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‘Vigilant’ APRA watching excessive risk-taking

APRA has issued a warning to financial organisations that are gradually ramping up risk to compensate for below-average profits.

Speaking at Finsia’s The Regulators conference in Melbourne on Friday, APRA chairman Wayne Byres said the low interest rate environment is putting pressure on organisations to increase returns.

System-wide profitability for APRA-regulated organisations was below its 10-year average for the 2015-16 financial year, Mr Byres said.

While Australian institutions aren’t yet faced with negative interest rates, pressure is growing to join the "hunt for yield" by moving up the risk spectrum, he said.

“To date, we have not seen major shifts in asset portfolios designed to bolster returns by accepting materially greater risk,” Mr Byres said.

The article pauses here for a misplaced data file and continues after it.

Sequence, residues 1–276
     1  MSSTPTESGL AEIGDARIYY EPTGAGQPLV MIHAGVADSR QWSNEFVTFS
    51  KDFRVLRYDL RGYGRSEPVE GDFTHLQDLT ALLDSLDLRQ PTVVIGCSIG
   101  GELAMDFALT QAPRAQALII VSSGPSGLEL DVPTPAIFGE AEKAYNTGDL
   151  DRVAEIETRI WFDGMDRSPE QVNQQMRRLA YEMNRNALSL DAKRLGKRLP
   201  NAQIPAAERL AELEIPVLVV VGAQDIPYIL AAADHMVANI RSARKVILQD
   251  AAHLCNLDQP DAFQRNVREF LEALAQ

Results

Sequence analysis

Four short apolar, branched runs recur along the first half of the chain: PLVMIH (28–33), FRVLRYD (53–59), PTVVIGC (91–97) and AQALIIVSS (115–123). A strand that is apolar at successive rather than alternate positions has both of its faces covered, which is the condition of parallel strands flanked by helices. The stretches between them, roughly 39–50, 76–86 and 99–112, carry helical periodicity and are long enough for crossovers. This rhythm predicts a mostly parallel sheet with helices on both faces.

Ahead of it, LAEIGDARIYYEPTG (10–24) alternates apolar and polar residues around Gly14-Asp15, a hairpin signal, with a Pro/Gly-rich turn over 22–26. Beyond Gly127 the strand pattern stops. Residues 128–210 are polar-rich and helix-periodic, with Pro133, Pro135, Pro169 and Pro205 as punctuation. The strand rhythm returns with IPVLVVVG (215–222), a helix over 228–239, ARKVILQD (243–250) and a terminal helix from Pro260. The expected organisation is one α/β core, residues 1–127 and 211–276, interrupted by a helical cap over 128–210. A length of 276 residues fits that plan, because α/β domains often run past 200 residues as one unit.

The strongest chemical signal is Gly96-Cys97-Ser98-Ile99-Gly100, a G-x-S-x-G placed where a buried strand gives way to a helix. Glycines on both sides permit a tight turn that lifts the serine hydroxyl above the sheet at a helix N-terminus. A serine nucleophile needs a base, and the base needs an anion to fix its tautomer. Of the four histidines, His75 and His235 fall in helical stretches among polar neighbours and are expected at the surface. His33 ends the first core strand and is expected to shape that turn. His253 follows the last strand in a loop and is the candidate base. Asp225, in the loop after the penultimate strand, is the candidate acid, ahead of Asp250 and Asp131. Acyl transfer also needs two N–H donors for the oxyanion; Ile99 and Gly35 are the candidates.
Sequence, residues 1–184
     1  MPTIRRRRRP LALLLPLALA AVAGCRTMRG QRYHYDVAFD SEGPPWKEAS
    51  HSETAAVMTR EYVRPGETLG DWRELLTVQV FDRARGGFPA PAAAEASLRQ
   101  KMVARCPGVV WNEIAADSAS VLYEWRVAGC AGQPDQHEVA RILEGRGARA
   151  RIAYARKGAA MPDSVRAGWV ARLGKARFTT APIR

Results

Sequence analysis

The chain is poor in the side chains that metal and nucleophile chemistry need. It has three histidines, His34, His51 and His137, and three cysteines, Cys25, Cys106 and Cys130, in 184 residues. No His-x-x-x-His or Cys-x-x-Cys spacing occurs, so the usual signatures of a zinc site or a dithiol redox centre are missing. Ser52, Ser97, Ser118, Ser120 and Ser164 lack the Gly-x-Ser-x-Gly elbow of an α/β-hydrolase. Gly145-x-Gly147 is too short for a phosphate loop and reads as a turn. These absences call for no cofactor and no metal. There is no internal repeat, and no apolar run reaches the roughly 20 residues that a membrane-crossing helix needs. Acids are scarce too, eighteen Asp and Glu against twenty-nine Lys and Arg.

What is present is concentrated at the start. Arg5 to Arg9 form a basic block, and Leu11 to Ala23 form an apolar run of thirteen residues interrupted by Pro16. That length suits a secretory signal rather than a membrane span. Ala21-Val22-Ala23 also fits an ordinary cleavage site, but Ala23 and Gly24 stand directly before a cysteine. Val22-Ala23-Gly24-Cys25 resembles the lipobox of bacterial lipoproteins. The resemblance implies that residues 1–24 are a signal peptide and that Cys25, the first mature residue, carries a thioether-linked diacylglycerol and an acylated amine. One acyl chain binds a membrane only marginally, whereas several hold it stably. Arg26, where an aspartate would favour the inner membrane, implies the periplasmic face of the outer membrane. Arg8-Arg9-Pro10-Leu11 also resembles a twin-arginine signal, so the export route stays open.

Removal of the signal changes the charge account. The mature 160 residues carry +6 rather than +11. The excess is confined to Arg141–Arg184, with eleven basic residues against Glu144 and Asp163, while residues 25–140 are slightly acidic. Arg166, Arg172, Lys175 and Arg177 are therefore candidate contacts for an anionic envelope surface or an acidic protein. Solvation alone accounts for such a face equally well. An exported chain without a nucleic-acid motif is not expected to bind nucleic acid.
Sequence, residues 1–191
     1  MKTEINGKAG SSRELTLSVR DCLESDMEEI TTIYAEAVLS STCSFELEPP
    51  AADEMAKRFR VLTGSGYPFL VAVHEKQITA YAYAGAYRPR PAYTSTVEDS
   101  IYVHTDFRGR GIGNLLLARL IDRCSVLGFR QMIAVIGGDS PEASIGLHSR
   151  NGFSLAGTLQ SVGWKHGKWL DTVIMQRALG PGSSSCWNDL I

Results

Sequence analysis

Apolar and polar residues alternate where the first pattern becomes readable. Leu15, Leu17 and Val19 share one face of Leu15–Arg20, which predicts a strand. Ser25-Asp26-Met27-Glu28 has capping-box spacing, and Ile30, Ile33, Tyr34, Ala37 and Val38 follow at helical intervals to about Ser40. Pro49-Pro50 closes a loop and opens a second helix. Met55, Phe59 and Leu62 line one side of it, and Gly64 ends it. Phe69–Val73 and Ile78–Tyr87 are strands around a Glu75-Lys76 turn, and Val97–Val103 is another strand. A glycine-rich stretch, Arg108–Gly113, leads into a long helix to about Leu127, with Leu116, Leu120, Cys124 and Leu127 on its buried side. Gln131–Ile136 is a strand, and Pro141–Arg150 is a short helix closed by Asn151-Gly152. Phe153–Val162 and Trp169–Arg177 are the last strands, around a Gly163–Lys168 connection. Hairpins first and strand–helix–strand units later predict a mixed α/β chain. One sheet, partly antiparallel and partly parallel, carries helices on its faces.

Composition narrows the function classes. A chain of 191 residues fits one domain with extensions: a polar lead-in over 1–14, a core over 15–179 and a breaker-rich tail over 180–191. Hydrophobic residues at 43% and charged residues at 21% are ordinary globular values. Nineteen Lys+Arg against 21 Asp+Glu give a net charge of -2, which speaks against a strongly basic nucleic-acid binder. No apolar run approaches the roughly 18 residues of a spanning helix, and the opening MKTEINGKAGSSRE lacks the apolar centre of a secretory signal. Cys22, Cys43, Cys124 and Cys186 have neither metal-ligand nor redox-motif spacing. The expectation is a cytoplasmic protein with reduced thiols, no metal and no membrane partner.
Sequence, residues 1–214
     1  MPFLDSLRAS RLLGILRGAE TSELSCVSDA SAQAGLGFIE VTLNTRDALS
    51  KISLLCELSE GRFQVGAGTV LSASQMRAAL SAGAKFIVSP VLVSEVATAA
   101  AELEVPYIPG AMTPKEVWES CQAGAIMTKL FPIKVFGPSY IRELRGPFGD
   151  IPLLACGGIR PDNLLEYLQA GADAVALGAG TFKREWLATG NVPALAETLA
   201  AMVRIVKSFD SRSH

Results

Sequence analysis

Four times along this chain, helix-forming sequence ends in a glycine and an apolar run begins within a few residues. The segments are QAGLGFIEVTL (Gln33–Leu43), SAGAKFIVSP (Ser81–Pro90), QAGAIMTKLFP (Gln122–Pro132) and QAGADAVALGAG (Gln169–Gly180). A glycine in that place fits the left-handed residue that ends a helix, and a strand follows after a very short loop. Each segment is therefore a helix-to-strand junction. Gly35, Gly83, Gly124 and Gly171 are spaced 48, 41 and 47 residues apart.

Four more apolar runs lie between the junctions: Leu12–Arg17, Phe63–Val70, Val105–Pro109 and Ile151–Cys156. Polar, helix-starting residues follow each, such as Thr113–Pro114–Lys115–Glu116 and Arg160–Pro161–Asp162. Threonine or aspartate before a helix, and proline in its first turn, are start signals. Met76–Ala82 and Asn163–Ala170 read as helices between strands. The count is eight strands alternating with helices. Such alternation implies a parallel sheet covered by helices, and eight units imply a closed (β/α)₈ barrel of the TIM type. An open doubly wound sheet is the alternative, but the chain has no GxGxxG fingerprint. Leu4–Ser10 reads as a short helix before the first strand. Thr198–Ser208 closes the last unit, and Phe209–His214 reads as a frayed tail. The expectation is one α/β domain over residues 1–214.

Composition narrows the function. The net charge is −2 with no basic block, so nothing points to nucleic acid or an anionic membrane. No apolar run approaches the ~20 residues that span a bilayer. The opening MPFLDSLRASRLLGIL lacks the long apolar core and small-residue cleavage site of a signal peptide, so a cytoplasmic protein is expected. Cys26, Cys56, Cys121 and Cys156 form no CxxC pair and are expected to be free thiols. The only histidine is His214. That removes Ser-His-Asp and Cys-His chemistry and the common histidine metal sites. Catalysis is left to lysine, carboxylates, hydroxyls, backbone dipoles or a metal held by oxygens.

“That doesn’t mean that risk-seeking isn’t happening at the margins however, and it is at the margins where we need to be most vigilant,” he said.

APRA-regulated organisations are unlikely to “roll the dice” and immediately ramp up risk in their portfolios, Mr Byres said – rather, it is more likely to be a gradual process.

“Like the anecdote about the frog in boiling water, there is a danger no one notices the ever-increasing risk profile until it is too late,” he said.

This situation can be avoided so long as financial institutions have an appropriate "risk culture" in place, Mr Byres said.

“Just as the frog is said to be oblivious of the dangers of the gradually warming water, an organisation with a poor risk culture will be oblivious, if not neglectful, of its gradually rising risk profile,” he said.

“Group risk insurance and mortgage lending standards are two examples that reinforce the need for a strong risk culture at a time when a little more risk might well be a tempting way of dealing with otherwise subdued returns.

“This temptation can be even harder to resist when competitors appear to be doing likewise – even though that is the weakest justification of all.

“Our best protection against becoming boiled frogs will not be regulatory reforms such as those emanating from [the] Basel [Committee], but a strong risk culture within financial institutions that gives appropriate weight to both sides of the risk-return trade-off.”

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